FORCE OF NATURE: THE DRY 2 reviewed by GREG KING
Director: Robert Connelly
Stars: Eric Bana, Anna Torv, Deborah Lee Furness, Robin McLeavy, Jacqueline McKenzie, Richard Roxburgh, Lucy Ansell, Sisi Stringer, Tony Briggs, Kenneth Radley, Archie Thompson.
This sequel to 2020’s mystery outback noir The Dry has been adapted from Jane Harper’s novel Force Of Nature, the second book in the series featuring federal agent Aaron Falk, but it is less compelling and engaging than its predecessor.
Five women, on a corporate hiking retreat and character-building bonding exercise arranged by Bailey Tenants, the Melbourne based company they work for, head off into a forest on a two-day hike. The women include team leader Jill (Deborah Lee Furness, from Shame, etc), Lauren (Robin McLeavy, from tv series Hell On Wheels, etc), Alice Russell (Anna Torv, from The Last Of Us, etc), and siblings Bree and Beth McKenzie (Lucy Ansell and Sisi Stringer). Without mobile phones they soon become lost and begin bickering. During the hike Alice disappears. The other four women emerge from the forest shaken and upset.
A search operation is mounted but with a storm fast approaching time is running out to locate Alice. Also arriving at the corporate retreat are Federal police detectives Aaron Falk (Eric Bana, reprising his role from The Dry) and his partner Carmen Cooper (Jacqueline McKenzie, from Ruby’s Choice, etc). Falk had been pressuring Alice to turn whistle blower and uncover evidence of the company’s shady dealings that may be linked to white collar crimes like money laundering and other criminal activities. Alice had stolen money from the firm, which made her especially vulnerable to pressure from Falk. The local police and search teams are resentful of the presence of the two Federal agents whose investigation seems at odds with the search party.
Bailey Tenants is run by CEO Daniel Bailey (Richard Roxburgh, from tv series Rake, etc) and his wife Jill, who had led the women on the hike. The foreboding forest location also holds personal resonance for Falk. He recalls traumatic memories about the time his mother had disappeared while he walked the same trails with his family a couple of decades earlier. And overshadowing this location is the spectre of a notorious serial killer from the past whose cabin lies somewhere in the woods.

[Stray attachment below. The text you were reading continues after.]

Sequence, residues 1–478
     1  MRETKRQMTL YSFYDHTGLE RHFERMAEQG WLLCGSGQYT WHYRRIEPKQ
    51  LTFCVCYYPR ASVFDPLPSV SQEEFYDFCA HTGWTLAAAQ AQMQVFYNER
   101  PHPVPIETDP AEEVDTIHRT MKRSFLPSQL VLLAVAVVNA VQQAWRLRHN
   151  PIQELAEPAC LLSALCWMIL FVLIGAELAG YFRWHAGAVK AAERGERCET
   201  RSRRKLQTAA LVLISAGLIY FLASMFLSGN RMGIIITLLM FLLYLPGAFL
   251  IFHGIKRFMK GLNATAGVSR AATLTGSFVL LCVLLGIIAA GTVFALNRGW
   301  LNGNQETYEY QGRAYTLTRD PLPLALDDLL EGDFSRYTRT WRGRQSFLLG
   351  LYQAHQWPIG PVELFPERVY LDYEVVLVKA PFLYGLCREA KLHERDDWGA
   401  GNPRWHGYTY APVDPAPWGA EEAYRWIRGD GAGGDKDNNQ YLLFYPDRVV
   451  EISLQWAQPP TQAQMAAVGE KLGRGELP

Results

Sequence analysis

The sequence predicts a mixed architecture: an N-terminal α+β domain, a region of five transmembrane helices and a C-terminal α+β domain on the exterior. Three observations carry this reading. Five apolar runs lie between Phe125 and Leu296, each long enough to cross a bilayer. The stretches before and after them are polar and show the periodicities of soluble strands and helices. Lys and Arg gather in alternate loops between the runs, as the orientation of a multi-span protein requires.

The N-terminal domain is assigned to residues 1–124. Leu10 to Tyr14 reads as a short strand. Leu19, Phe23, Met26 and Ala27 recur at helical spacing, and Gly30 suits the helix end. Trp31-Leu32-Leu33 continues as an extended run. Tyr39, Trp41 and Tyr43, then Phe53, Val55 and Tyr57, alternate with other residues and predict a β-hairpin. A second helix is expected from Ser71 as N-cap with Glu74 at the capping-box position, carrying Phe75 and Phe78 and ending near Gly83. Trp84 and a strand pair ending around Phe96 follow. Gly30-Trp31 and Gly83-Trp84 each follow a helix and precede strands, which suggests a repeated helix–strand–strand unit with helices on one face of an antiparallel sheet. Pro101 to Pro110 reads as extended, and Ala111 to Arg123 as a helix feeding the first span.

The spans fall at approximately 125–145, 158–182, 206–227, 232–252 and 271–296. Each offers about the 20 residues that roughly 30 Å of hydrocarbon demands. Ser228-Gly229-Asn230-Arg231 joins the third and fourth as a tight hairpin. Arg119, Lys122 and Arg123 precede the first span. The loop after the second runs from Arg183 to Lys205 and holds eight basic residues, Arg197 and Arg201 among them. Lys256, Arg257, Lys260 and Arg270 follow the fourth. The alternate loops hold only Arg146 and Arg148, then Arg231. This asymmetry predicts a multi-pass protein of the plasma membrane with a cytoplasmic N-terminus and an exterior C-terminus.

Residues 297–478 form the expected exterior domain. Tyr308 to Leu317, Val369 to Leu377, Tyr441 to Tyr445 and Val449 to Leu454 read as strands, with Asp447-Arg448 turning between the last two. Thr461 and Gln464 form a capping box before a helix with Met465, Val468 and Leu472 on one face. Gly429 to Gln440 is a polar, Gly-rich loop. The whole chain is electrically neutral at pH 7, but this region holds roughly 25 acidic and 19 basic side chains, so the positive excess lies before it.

Also returning for this sequel is writer/director Robert Connelly, who has adapted the script from Harper’s novel. His assured direction keeps things moving but the pacing is a little uneven. The film is more like an Agatha Christie mystery this time, with a slew of suspects who may have been responsible for the disappearance of Alice. Connelly’s script taps into some of the usual conventions of the mystery genre with a couple of red herrings, some misdirection and subplots.
However, none of the female characters here are particularly likeable. And even Falk, the protagonist of The Dry, is less likeable this time around. Bana’s usually strong and charismatic screen presence is somewhat muted here and it seems as if he is not really engaged with the character; instead he seems to be merely going through the motions. Furness delivers a strong performance, while Roxburgh imbues his character with a slick and somewhat sleazy quality. Torv is also strong as the aggressive, abrasive and unpopular Alice whose prickly demeanour may have pushed her fellow hikers over the edge.
The story unfolds in three distinct time frames – there is the drama surrounding the search for the missing Alice while Falk interrogates the four survivors to learn what happened during the hike; several lengthy flashbacks depict the hike itself and the growing tensions between the five women; and flashbacks reveal Falk’s own past experience of hiking the trails with his family, which ended in tragedy and continue to haunt him.
Force Of Nature has been shot on location in the Otways and the Dandenong Ranges, which double for the fictional Giralong Ranges. The picturesque but remote and atmospheric settings add to the drama and suffuse it with a strong sense of menace. The wet rainforest setting here offers a marked contrast to the harsh rural setting of The Dry, where the action occurred in a small town that had been ravaged by droughts and bushfires. The widescreen cinematography from Andrew Commis (High Ground, etc) is superb, giving us a strong sense of place, highlighting the majestic power of nature and how man is dwarfed by his environment. The shoot itself and the remote locations would have provided many difficulties for Connelly, the crew and the cast.
While The Dry was a huge box office hit, Force Of Nature: The Dry 2 may struggle to connect as strongly with local audiences. Despite the quality of its creative team and its strong starry cast, Force Of Nature: The Dry 2 ultimately is formulaic and, as with most sequels, doesn’t generate the same level of suspense and mystery as The Dry.